No One Can Agree How Fast Universe Is Expanding. New Measure Makes Things Worse.

Quasar Artist's Impression How Galaxies Refuel
An artist's impression of a quasar. New measurements of the universe's expansion have relied on the gravitational lensing of light from six quasars. (Image credit: ESO/L. Calçada/ESA/AOES Medialab)

HONOLULU — A crisis in physics may have just gotten deeper. By looking at how the light from distant bright objects is bent, researchers have increased the discrepancy between different methods for calculating the expansion rate of the universe. 

"The measurements are consistent with indicating a crisis in cosmology," Geoff Chih-Fan Chen, a cosmologist at the University of California, Davis, said here during a news briefing on Wednesday (Jan. 8) at the 235th meeting of the American Astronomical Society in Honolulu.

At issue is a number known as the Hubble constant. It was first calculated by American astronomer Edwin Hubble nearly a century ago, after he realized that every galaxy in the universe was zipping away from Earth at a rate proportional to that galaxy's distance from our planet. 

Related: From Big Bang to Present: Snapshots of Our Universe Through Time

This does not mean that Earth is at the center of the cosmos. Instead, the finding told scientists that the universe is expanding and that there is a direct relationship between how far apart two objects are and how fast they are receding from one another. The Hubble constant has a value that incorporates this speed-distance connection. 

The problem is that, in recent years, different teams have disagreed over what exactly this constant's value is. Measurements made using the cosmic microwave background (CMB), a remnant from the Big Bang that provides a snapshot of the infant universe, suggest that the Hubble constant is 46,200 mph per million light-years (or, using cosmologists' units, 67.4 kilometers/second per megaparsec).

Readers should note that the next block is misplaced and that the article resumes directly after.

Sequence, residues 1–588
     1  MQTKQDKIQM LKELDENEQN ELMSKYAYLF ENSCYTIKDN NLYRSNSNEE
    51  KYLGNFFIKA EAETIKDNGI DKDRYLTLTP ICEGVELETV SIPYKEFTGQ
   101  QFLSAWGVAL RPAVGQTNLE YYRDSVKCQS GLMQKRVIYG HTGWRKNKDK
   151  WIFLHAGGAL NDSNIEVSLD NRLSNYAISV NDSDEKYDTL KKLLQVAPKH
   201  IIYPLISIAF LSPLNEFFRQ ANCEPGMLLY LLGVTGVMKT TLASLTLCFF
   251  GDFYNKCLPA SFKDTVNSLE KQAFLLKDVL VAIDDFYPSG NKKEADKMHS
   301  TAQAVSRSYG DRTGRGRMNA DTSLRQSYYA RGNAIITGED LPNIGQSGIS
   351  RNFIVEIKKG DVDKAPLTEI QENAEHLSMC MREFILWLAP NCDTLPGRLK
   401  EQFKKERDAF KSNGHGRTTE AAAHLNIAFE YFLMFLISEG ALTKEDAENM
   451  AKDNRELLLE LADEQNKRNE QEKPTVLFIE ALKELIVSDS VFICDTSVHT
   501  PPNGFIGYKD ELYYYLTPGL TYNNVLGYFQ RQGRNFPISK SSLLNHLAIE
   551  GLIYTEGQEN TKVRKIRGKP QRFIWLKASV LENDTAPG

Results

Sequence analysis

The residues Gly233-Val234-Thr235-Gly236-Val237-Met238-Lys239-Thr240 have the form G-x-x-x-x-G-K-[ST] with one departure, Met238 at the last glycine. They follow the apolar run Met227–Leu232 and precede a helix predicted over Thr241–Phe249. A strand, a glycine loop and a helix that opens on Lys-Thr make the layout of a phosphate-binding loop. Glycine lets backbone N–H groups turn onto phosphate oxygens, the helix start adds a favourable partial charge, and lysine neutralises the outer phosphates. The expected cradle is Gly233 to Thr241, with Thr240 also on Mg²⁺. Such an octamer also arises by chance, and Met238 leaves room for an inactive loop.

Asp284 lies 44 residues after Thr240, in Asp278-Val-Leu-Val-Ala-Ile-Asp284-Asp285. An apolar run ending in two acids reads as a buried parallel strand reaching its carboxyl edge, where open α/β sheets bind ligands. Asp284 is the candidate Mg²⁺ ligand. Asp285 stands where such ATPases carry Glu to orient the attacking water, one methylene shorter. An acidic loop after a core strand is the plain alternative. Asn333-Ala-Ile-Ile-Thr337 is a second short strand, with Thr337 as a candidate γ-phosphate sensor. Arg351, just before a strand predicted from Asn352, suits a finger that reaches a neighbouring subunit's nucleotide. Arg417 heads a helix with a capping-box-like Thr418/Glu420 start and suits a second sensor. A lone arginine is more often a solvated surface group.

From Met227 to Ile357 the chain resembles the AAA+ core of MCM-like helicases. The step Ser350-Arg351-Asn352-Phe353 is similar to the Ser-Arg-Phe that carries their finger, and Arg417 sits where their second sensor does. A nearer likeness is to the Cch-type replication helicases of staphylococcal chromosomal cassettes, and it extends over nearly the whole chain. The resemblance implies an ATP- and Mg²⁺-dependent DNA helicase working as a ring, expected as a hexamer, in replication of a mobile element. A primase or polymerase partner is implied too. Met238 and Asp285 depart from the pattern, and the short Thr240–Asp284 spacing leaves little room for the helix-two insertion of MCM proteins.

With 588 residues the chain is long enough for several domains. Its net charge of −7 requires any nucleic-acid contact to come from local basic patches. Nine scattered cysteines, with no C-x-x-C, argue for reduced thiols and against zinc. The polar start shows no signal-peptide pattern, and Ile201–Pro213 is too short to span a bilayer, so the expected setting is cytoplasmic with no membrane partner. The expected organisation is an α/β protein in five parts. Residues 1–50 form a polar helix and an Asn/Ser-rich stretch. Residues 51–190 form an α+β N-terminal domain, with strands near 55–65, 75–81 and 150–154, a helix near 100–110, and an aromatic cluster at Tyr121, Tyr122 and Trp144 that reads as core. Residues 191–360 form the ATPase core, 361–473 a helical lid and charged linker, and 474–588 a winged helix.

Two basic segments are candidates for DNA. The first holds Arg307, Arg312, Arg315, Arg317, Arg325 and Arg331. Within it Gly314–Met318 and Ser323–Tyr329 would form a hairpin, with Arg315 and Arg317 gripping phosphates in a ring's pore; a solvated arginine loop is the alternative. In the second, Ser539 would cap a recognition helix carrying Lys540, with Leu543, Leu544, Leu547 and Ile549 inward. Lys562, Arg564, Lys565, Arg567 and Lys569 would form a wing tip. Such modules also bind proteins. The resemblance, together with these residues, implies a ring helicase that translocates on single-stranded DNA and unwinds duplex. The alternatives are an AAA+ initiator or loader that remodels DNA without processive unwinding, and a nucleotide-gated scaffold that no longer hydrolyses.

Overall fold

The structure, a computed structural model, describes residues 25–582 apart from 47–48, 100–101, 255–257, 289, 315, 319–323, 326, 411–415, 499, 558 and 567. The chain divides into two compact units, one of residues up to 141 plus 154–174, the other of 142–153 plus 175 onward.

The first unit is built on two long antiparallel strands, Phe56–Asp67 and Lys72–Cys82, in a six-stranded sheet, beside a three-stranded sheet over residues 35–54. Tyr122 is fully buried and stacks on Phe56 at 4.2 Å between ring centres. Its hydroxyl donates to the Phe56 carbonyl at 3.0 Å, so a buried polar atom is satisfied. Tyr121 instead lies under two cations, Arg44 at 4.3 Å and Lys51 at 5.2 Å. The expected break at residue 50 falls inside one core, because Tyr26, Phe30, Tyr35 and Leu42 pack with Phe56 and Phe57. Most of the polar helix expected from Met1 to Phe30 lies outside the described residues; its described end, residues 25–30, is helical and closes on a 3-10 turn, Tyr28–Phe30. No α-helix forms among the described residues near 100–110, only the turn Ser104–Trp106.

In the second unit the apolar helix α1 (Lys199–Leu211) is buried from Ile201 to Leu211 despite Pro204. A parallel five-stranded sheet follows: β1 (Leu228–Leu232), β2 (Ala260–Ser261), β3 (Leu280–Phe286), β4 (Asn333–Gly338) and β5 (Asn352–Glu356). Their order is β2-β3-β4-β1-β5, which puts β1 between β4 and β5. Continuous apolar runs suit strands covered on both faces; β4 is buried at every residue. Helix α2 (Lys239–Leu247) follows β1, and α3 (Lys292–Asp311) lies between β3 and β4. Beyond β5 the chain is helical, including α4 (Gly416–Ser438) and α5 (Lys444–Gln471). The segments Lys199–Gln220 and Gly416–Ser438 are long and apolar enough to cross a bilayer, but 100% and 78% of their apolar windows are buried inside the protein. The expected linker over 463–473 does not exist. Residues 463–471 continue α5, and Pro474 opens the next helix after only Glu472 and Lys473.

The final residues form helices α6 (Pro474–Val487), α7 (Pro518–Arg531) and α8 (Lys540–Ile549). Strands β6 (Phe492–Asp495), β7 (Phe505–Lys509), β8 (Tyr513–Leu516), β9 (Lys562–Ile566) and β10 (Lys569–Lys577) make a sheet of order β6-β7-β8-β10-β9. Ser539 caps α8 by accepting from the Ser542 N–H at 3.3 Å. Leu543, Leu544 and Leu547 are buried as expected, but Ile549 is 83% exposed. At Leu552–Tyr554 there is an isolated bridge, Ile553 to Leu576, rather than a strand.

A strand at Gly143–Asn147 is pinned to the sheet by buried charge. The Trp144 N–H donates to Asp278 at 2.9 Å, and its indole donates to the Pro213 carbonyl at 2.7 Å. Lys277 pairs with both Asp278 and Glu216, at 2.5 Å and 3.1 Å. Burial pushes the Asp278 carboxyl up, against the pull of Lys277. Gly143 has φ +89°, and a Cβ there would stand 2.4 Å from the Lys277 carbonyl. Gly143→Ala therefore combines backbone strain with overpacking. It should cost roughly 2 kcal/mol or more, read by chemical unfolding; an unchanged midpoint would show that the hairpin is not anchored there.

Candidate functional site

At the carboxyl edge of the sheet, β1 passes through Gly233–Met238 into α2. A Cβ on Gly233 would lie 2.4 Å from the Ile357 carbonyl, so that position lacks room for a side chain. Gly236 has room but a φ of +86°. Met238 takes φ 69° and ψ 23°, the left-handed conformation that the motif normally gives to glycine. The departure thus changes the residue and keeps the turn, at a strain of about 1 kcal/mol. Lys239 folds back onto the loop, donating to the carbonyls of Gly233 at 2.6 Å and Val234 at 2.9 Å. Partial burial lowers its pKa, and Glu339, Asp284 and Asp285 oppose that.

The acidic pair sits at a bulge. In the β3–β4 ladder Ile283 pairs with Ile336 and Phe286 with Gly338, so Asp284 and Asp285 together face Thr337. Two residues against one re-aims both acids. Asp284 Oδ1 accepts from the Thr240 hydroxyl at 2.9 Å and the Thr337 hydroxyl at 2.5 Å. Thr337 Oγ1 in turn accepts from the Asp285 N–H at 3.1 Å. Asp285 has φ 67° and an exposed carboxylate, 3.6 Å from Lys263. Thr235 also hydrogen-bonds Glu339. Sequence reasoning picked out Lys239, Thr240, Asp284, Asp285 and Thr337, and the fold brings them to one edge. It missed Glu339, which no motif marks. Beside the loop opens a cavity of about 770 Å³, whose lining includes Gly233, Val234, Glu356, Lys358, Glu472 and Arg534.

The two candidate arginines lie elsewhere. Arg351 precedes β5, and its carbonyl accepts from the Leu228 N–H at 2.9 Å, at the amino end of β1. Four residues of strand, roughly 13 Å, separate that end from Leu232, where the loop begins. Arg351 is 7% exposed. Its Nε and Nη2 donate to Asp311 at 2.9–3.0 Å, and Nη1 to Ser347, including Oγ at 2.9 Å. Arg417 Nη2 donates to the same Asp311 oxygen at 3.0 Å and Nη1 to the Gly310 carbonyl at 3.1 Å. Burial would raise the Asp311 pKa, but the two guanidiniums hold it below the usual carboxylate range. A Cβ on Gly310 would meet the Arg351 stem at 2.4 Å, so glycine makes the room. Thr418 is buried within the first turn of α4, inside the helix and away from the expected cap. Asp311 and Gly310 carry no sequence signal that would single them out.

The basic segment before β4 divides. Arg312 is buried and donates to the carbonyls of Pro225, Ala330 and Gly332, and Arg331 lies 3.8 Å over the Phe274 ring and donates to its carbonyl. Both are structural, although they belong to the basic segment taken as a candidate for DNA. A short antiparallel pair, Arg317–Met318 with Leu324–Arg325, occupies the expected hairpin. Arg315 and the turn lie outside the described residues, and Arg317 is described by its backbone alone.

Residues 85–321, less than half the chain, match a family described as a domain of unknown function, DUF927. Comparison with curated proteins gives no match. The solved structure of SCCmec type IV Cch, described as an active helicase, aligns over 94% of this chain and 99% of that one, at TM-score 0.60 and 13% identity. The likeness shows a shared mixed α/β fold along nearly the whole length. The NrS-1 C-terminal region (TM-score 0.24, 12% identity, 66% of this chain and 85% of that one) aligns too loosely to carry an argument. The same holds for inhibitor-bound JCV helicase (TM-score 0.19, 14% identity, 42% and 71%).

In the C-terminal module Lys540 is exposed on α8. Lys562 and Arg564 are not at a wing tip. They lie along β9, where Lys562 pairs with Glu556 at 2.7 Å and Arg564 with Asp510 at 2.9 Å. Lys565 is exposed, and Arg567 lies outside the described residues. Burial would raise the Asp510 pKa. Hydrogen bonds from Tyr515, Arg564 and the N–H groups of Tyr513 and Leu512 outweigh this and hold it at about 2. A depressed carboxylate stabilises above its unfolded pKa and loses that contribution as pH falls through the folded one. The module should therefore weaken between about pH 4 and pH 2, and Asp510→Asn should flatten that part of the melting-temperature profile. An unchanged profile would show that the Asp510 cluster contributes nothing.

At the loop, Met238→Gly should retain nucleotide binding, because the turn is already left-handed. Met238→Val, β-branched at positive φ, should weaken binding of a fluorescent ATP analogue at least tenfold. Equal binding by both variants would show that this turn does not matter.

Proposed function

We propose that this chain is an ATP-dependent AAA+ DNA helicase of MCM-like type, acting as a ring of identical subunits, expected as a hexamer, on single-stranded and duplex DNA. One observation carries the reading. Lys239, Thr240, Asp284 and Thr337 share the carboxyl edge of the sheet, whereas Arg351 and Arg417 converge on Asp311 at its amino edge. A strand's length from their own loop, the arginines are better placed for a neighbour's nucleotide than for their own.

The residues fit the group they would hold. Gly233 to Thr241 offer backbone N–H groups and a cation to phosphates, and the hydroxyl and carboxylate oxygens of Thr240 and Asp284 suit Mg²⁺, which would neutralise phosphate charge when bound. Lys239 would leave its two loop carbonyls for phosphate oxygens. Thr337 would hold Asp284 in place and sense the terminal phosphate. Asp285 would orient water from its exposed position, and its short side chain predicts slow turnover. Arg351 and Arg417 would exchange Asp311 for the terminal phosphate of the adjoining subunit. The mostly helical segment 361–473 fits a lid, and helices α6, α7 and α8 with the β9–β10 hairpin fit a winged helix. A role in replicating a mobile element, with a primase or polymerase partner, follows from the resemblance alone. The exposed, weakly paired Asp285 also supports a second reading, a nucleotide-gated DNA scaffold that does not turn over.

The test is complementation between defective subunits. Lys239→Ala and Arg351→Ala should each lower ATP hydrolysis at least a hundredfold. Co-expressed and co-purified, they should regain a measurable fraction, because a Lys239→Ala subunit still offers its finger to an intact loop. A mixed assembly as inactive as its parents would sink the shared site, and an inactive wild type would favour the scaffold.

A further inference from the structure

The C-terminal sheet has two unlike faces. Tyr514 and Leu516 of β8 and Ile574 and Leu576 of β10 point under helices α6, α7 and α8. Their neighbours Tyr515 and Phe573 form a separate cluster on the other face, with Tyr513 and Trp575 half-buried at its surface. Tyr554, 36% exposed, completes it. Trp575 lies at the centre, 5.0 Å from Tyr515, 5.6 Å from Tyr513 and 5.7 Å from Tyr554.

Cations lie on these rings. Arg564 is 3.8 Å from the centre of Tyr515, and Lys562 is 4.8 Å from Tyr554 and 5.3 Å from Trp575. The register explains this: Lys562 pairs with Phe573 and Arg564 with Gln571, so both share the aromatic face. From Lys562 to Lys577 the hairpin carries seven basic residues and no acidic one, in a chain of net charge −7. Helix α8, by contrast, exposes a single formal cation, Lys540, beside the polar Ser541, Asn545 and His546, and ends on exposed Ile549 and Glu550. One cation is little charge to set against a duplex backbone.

But by looking at pulsating stars known as Cepheid variables, a different group of astronomers has calculated the Hubble constant to be 50,400 mph per million light-years (73.4 km/s/Mpc). 

The discrepancy seems small, but there is no overlap between the independent values and neither side has been willing to concede major mistakes in its methodology. 

The new measurement, made by the H0 Lenses in COSMOGRAIL's Wellspring (H0LICOW) collaboration, was an attempt to calculate the Hubble constant in a completely novel way. (COSMOGRAIL is the acronym for Cosmological Monitoring of Gravitational Lenses.) 

This measure uses the fact that massive objects in the universe will warp the fabric of space-time, meaning that light will bend as it travels past them. Superluminous, black-hole-powered entities called quasars are sometimes found behind large foreground galaxies, and their light gets warped by this bending process, which is known as gravitational lensing

Using the Hubble Space Telescope, the H0LiCOW team studied the light from six quasars between 3 billion and 6.5 billion light-years away from Earth. As the quasars' black holes gobbled material, their light would flicker.

The intervening gravitationally lensing galaxy bent each quasar's light, and so the quasar's flickering arrived at Earth at different times depending on what path it took around the foreground galaxy, Chen said. The length of the time delay provided a way to probe the expansion rate of the universe, he added. 

H0LiCOW was able to derive a value of the Hubble constant of 50,331 mph per million light-years (73.3 km/s/Mpc), extremely close to that provided by Cepheid variables but quite far from the CMB measurement. 

"The consequence is the tension is very well likely real," Chen said and probably not the result of errors in the methods of each approach. 

It's worth noting that last year another independent measurement of the Hubble constant, made using giant red stars, came squarely between the two sides, calculating a value of 47,300 mph per million light-years (69.8 km/s/Mpc).

Nevertheless, Chen said, the different numbers are far enough apart that it's possible there is something wrong in our models of the universe. A growing number of physicists are acknowledging this, he added, because the independent measurements continue to disagree. Researchers might have to come up with new physics to explain what's going on.

Originally published on Live Science.

Adam Mann
Live Science Contributor

Adam Mann is a freelance journalist with over a decade of experience, specializing in astronomy and physics stories. He has a bachelor's degree in astrophysics from UC Berkeley. His work has appeared in the New Yorker, New York Times, National Geographic, Wall Street Journal, Wired, Nature, Science, and many other places. He lives in Oakland, California, where he enjoys riding his bike.